With respect to the command of its nuclear forces, its degree of reliance on them, and the doctrine for their use China presents a more stable picture than Russia. But China's growing wealth, its vigorous search for new technology -- including, especially, militarily useful technology -- and the prominent position of its military in both the nation's decision making and in the economy all suggest that China will be modernizing its forces steadily and impressively for a long time.
In proliferation, principally of missile technology, China remains a serious concern -although to some extent what it can provide to others is derivative of what has been sold to it by Russia.
The one issue which might cause a major rupture between China and the United States is Taiwan. After we demonstrated weakness and vacillation for several years, I believe that the Chinese were genuinely surprised nearly two years ago when they launched ballistic missiles into the waters near Taiwan and the United States responded by sending two aircraft carriers. It is dangerous to give China reason to doubt our resolve, as we had done before that incident. Wars can result, and have resulted, from such miscalculations. Beijing must be quite clear that we insist that there be only a peaceful settlement of the Taiwan issue. Taiwan's healthy democracy is, in a sense, an affront to the dictators in Beijing, and the affront will be doubly galling to Beijing if China begins to have severe economic problems and Taiwan continues to prosper. Taiwan could thus easily become the focus for the nationalistic fervor which Chinese leaders may be tempted to stir up in order to distract the Chinese people from political oppression and economic disruption. A Chinese invasion of Taiwan itself is not militarily feasible for many years, but the seizure of one or more of the offshore islands, such as Quemoy, or a ballistic missile attack against key targets on Taiwan using conventional warheads with high accuracy (e.g. by using GPS guidance) could bring us into a serious military confrontation with China.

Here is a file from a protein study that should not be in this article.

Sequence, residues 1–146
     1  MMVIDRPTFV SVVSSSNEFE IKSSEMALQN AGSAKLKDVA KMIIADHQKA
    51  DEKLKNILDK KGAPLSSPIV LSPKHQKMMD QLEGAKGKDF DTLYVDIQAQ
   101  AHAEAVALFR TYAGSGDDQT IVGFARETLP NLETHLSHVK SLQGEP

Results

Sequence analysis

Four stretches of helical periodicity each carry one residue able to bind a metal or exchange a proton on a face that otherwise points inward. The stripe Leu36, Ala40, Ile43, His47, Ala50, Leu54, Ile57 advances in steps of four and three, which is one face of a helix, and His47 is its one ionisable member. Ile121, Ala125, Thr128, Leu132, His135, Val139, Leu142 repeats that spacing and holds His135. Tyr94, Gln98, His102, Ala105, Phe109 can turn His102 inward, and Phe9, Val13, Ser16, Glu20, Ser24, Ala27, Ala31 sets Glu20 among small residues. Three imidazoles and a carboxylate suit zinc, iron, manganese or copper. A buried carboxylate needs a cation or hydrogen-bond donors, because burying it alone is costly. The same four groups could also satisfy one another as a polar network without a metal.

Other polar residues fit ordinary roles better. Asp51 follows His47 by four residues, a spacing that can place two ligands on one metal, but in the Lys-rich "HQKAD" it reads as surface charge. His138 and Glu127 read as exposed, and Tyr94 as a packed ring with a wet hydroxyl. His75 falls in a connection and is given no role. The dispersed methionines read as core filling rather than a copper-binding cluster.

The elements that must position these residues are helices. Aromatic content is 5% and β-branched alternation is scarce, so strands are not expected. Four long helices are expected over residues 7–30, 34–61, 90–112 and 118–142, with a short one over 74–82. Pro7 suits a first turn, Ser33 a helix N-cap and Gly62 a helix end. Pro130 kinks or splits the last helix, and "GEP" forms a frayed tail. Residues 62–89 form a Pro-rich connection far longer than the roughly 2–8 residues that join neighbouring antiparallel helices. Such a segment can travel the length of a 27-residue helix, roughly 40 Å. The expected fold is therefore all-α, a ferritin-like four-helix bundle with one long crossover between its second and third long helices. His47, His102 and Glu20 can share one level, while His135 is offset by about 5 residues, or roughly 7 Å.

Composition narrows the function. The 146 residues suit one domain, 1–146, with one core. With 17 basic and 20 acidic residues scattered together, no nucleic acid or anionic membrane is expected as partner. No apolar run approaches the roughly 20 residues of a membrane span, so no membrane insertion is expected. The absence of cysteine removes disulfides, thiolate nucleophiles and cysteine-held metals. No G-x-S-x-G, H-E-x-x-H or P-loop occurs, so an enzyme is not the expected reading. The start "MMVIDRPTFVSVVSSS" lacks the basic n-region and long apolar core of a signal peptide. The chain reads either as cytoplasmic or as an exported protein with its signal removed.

There are several governments that, although they may not directly threaten American territory, qualify as very dangerous to important American interests: North Korea, Iraq, and Iran are front and center with Libya, Sudan, and Syria close behind. I will address here the first three.
Except during periodic crises in the Middle East, the Korean DMZ remains the most likely place in the world where the United States could get involved in a land war. There are several factors that create a serious risk that the North might expect some early successes in such a war and the North Koreans' assessment of these factors, in turn, could conceivably lead Kim Jong II to try a wild throw of the dice. At least two-thirds of the North's million-man army is deployed within 60 miles of the DMZ. Since a substantial majority of South Korea's population and industry is located just south of the DMZ, a surprise attack could wreak substantial devastation. South Korea, augmented by our own forces, has a very fine military capability, especially once reserves are mobilized -- but mobilization cannot be instantaneous.
Moreover, the South Koreans have not come close to matching the North Korean investment in artillery; nor have they acquired sufficient amounts of counter-battery radar. Both could be extremely important in the event of a quick attack across the DMZ. Our own air power would be likely to weigh heavily in the balance in many circumstances, but attacking North Korean artillery that shoots and scoots back into caves and tunnels is not a simple task, especially in bad weather. If the North Koreans decided to attack they could call upon the world's largest special forces, some of them moveable by sea and some of them equipped with rudimentary but effective air transport; they would probably use ballistic missiles equipped with chemical and/or bacteriological weapons against South Korean and U.S. bases and forces. The No Dong missile could also give them such a capability against U.S. bases in Japan.